How Looking Affects Consumer Decisions

Findings published by a team of researchers from Freie Universitšt Berlin and Technische Universitšt Berlin in cooperation with the Berlin Social Science Center and Ohio State University

No 100/2019 from Apr 16, 2019

Everyday decisions, like which product to buy from the shelf at the store, depend on how much time a person spends gazing at an item beforehand, according to a study. The degree of influence that gaze allocation (how long someone looks at something) has also differs from person to person. People do not tend to buy the product they would otherwise consider the best choice for them. Instead, they often pick the item that they looked at the longest, as researchers from Freie Universitšt Berlin, Technische Universitšt Berlin, the Berlin Social Science Center, and Ohio State University have shown. A connection between gaze allocation and choice behavior was apparent in 92% of participants. It indicated that they were less likely to pick the best option. Only about 8% of the participants appeared unaffected by gaze allocation. The researchers hope that the results will help them better understand why choice behavior differs so greatly between individuals.

When people make common, everyday decisions they usually look to see what other options are available. For example, if they want to buy a candy bar, they need to know which candy bars the store has in stock. While gathering this information, they will typically gaze longer at certain candy bars. For some people, the length of time they look at something has a strong influence on their ultimate decision. They might not even pick the best candy bar for them, but rather the one that they spent the most time looking at.

Armin W. Thomas (Technische Universitšt Berlin and Freie Universitšt Berlin), Felix Molter (Berlin Social Science Center and Freie Universitšt Berlin), Ian Krajbich (Ohio State University), Hauke R. Heekeren (Freie Universitšt Berlin), and Peter N.C. Mohr (Freie Universitšt Berlin and Berlin Social Science Center) authored the study. The team took a new look at four data sets from previous studies and examined whether the relationship between gaze allocation and choice behavior differed between individuals and if it is possible to predict choice behavior based on that relationship. They developed a new mathematical model for their analysis that operates on the assumption that when making decisions people collect evidence for different options over time. They then select the option for which they have sufficient evidence most readily, says Peter N.C. Mohr, researcher at the School of Business and Economics at Freie Universitšt Berlin and head of the neuroeconomics research group at the Berlin Social Science Center. The new model is based on the idea that people tend to gather evidence for a given option more quickly while they are looking at it. The model makes it possible to determine just how different the relationship is between individuals, Professor Mohr explains. The stronger the relationship, the more likely a person is to choose the option that they gazed at longer, instead of the best option for them. If the relationship is weak, gaze allocation hardly affects a person’s decision.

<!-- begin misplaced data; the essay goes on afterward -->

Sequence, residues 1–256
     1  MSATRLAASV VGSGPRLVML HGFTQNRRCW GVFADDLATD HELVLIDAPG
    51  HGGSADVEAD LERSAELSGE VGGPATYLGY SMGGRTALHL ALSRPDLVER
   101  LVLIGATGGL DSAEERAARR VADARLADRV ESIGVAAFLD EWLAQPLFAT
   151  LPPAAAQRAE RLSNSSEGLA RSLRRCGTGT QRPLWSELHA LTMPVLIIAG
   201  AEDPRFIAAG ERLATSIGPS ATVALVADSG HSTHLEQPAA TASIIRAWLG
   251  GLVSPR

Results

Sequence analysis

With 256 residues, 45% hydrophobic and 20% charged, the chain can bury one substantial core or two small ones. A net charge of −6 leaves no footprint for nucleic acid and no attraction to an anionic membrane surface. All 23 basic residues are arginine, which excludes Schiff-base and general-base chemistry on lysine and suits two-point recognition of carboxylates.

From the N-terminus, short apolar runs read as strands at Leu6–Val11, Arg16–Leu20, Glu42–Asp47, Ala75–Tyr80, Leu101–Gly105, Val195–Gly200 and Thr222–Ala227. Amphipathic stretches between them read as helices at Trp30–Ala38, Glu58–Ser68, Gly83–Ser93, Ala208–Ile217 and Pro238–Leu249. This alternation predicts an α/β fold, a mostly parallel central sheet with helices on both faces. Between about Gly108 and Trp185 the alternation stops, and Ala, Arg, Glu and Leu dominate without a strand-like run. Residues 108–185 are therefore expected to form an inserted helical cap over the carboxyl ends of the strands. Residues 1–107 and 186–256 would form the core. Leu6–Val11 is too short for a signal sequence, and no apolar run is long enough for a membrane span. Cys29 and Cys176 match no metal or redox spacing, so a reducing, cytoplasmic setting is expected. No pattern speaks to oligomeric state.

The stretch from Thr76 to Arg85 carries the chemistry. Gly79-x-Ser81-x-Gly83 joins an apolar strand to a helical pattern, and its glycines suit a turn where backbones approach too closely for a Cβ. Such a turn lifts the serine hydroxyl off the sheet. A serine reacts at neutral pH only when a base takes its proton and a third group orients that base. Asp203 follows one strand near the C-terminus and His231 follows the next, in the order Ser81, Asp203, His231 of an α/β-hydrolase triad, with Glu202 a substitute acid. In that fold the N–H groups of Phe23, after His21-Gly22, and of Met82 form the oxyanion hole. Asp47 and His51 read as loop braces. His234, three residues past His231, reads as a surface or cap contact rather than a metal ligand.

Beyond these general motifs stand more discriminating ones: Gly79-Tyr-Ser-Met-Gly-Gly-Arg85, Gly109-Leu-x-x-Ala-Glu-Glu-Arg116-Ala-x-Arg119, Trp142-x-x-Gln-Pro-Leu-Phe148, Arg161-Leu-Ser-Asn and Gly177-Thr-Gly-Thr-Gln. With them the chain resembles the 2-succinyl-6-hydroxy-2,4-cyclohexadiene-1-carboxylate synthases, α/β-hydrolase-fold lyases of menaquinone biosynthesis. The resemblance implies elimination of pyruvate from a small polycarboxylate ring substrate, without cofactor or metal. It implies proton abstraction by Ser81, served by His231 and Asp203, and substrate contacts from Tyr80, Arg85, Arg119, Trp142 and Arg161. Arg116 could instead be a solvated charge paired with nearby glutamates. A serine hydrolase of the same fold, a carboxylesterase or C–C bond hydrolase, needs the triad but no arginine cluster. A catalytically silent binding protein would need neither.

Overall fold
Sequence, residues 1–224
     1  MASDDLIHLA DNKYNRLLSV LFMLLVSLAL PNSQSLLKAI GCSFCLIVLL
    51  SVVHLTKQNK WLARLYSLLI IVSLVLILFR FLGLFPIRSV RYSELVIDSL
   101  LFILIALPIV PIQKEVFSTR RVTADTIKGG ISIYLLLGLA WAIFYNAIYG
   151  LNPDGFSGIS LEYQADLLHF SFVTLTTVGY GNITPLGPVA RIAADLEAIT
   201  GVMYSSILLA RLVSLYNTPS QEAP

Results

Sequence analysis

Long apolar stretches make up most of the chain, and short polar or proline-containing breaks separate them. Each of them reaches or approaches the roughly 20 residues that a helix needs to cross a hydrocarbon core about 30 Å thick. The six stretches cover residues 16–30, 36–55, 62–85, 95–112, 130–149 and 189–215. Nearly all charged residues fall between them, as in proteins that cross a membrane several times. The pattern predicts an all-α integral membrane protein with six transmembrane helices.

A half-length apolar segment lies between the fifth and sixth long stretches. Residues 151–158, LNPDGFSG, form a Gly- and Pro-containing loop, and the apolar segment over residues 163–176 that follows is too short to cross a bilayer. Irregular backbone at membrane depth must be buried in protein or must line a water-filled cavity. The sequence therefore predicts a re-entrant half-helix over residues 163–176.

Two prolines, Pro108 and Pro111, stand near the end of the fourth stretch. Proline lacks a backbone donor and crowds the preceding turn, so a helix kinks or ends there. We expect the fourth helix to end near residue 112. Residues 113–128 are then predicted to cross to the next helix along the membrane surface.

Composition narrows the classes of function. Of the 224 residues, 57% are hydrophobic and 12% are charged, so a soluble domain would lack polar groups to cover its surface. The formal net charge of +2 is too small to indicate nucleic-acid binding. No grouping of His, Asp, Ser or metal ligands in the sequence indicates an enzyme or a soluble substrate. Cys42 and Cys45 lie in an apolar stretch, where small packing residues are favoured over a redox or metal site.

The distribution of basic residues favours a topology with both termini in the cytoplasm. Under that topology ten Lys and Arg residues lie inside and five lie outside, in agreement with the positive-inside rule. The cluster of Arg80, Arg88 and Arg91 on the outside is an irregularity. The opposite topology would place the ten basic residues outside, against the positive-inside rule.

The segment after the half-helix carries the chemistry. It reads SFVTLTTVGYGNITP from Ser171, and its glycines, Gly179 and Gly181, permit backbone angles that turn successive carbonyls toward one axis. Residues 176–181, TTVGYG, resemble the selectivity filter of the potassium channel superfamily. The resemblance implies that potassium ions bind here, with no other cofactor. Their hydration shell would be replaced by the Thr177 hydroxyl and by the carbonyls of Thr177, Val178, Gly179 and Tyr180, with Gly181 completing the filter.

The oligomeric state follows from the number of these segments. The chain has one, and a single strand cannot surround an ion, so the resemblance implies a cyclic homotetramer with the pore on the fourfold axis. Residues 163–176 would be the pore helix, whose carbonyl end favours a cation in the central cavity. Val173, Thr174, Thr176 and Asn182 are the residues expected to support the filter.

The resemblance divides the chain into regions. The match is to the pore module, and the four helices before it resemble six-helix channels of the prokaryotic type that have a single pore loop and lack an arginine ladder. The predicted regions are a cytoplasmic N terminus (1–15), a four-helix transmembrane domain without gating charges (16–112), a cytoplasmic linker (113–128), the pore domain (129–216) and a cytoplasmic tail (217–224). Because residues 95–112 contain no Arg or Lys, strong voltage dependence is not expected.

Professor Mohr emphasizes the importance of the model as a means of predicting choice behavior, noting that their goal was not merely to describe the different levels of influence gaze allocation has. To this end, the team divided the data sets into two equal parts: They used one half to determine how much influence gaze allocation has on choice behavior for each participant based on the mathematical model. With the other half, they attempted to predict choice behavior as precisely as possible. The researchers were able to show that the model they developed could indeed accurately predict how individuals would choose according to the amount of time they spent looking at an option.

Publication

Thomas, A.W., Molter, F., Krajbich, I., Heekeren, H.R., Mohr, P.N.C. (2019). Gaze Bias Differences Capture Individual Choice Behavior, Nature Human Behaviour.

Link: https://rdcu.be/bw1C1

Peter N. C. Mohr, School of Business and Economics, Freie Universitšt Berlin, and Neuroeconomics Research Group, Berlin Social Science Center, Tel.: +49 30 838 60607, Email: peter.mohr [at] neuroeconomics-lab (p) de.


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